From William Seton1
New York 11 April 1792
I find upon enquiry from those who are most conversant in the nature and extent of the Stock Contracts, that Monday the 15th of this month is the day which will probably produce the greatest distress, of course the day on which relief will be the most essential. What is called here the Company, of which Mr Macomb is the ostensible person,2 have on that day to take Stock or pay differences on half a Million. If they do not comply, then all other Contracts are a float, & the sacrifices must be very great. If they only pay the differences & dont take the Stock, this may be calculated at the rates that the distress will cause the price of Stock to be at, which will go near to ruin them, so that it is of infinite consequence to the Community that the Company should not be too much oppressed if they mean to comply with their Engagements, or that the Public should have immediately relief, if they do not mean to comply. Therefore if it was possible that I could go into the Market for you in force that day, and that it was known I should do so, it would in all probability save the City from utter ruin. Perhaps such a day may never occur again. I take the liberty of mentioning this to you, as your answer can reach me on Saturday which would be time enough.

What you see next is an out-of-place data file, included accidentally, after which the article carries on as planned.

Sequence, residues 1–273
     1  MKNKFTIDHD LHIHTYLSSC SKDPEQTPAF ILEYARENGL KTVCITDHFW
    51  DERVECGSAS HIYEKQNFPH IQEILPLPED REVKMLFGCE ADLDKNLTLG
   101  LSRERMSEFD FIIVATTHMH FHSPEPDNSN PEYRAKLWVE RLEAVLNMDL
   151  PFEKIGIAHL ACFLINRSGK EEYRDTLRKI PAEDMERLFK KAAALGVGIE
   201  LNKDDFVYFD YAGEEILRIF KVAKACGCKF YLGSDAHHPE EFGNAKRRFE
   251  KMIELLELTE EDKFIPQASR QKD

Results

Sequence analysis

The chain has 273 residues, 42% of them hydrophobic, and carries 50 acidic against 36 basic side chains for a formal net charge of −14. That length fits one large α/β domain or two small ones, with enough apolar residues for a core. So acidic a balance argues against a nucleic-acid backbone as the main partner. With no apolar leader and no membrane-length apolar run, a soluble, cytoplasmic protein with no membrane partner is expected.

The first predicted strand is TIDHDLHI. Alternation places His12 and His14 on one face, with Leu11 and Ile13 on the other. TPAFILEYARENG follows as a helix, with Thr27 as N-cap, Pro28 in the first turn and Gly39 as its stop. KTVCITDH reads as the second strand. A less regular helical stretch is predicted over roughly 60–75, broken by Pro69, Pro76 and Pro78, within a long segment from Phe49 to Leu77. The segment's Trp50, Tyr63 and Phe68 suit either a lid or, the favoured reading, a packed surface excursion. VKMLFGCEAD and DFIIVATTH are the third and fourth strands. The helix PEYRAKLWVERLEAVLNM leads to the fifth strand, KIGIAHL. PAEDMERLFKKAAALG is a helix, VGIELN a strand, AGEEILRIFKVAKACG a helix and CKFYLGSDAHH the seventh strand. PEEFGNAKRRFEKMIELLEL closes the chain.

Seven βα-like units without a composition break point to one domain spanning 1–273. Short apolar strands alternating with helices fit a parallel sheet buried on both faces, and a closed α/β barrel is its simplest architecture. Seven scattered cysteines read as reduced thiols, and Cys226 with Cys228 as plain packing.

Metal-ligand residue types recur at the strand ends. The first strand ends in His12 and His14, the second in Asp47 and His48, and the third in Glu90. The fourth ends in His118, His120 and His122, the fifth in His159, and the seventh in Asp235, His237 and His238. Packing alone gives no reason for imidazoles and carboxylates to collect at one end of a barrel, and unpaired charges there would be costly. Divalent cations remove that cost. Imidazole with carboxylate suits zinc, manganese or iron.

I am with the most sincere respect & esteem Dear sir Your obliged Obe Servt
A. Hamilton Esqr.
ALS, Hamilton Papers, Library of Congress.
2. By “the Company, of which Mr. Macomb is the ostensible person,” Seton is presumably referring to the secret partnership formed by Alexander Macomb and William Duer late in 1791 for speculation in public securities.